18 by MOE staff to be a spill of sanitary sewage and complete disclosure and reporting was required as soon as it was discovered. This was not fully complied with. The May 23 rd 2007 report submitted by Ottawa, for CSO overflows for the year 2006, was received by the MOE on May 25 th The MOE inspects the Ottawa sewage treatment plant annually but has not yet started inspections on any municipal sewage collection systems. The municipality is responsible for compliance with all regulations. They feel the City of Ottawa is moving towards compliance with Procedure F-5-5 through its Real Time Control Plan and the Pollution Control Plan Compliance with internal procedures Operations staff has internal procedures that identify who is to be contacted in the event of a spill into the environment. The internal procedures have not been incorporated into a City of Ottawa Standard Operating Procedure. While internal procedures have not been harmonized since amalgamation, they do exist in some form or another. Yet, the internal procedures were not followed in a comprehensive manner, as nobody contacted anyone outside their own immediate unit or Division. 3.3 General findings Numerous non-regulatory issues were discovered during the interviews. They have been grouped into various categories and known best practices identified where applicable Related to the O&M of Keefer regulator Alarms Pre-amalgamation, the regulator, known as the Keefer regulator, was operated and maintained by the Region of Ottawa-Carleton. As designed, it was equipped with monitors and alarms that would register with the pager of the on-call operator. While the system was cumbersome it worked and the operators knew when the gate was moving. However, the alarms would go off numerous times as the flows fluctuated during the storm. Post amalgamation, when the regional staff combined with the new City of Ottawa organization the monitors and alarms were not operating. Initially at amalgamation the Operations staff was combined first and Maintenance staff of the Region sometime later. When staff from the Regional Maintenance was combined with the Ottawa staff, the alarm pagers were not working. As a result they were not available in August 2006 and no alarm was raised. Nobody can adequately explain the reason for the alarm discontinuance. Post event in 2008, the staff is planning to quickly install flow monitors and alarms in the overflow pipes to detect flow should the regulator malfunction again. This is an appropriate best practice. Mike Price & Associates Inc. 15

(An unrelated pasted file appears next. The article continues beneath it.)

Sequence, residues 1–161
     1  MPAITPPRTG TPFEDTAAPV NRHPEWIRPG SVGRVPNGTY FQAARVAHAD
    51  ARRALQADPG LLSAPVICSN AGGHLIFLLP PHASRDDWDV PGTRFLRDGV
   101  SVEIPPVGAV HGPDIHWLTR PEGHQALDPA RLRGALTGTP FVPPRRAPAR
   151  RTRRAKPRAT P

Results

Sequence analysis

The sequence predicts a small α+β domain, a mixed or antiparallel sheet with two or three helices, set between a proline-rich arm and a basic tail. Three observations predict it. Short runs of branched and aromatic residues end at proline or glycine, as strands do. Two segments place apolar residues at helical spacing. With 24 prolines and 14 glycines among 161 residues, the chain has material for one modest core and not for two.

19 Post storm inspections Pre-amalgamation the regulators were routinely checked after major storm events as it was not uncommon to have debris partially blocking the gate. However the chamber is deep and requires 4 members on the work crew due to the requirement for Confined Space Entry safety procedures. Post amalgamation the staff shortage in the wastewater O&M section led the front line managers to eliminate this level of service. Consequently the jammed gate was not detected as quickly as it might have been pre-amalgamation even without the alarms. The front line management staff allocating the severely limited resources post amalgamation was not addressing risk as part of their decision making process. The risks to the corporation need to be factored into decisions that are made around service level cuts. Thus cutting back on debris clearing activities at storm inlets may have contributed to the debris that blocked the regulator gate Regular maintenance inspections The regular maintenance inspection pre-amalgamation was done once per month and after significant rainfall events. The maintenance is still done monthly but had been reduced to what the program Manager considers a minimum as the regulators will be replaced when the Real Time Control project (RTC) is put into effect in approximately 18 months. The regular maintenance work was usually done the last week of the month. It is likely the spill event would have gone on until the end of August without the intervention by the staff person downloading flow data from a monitor. The need for an adequate and regular inspection would have been identified at the time of the design of the regulator and should have been incorporated into the manuals and SOP s needed by the maintenance staff. The lack of current SOPs for the regulator is now clearly an urgent matter as the newly assigned ORO (as of May 28 th 2008) did not operate the regional collection system pre-amalgamation and is in need of clear and concise O&M procedures. Now that the regulator maintenance has been reduced to a minimum the risk of other mechanical malfunctions, such as chain breakage and rust friction on the float mechanism, has risen. This needs to be addressed as to whether it is an acceptable risk Knowledge of regulator purpose and design The O&M for the regulators was supervised by the same person who looked after them in the Region. I was unable to interview him as he was terminated at the end of May. However I do have notes from his interview with the Division Director. Over the course of his 35 year career with the Region and City he only recalls 10 similar events when the gate was stuck. The current Program Manager has no idea what the regulator is designed to do, nor why it is needed. The owner is required to ensure that operators and maintenance personnel have ready access to comprehensive operations and maintenance manuals that contain the plans, drawings and process descriptions necessary for the safe and efficient operation of the facility. Mike Price & Associates Inc. 16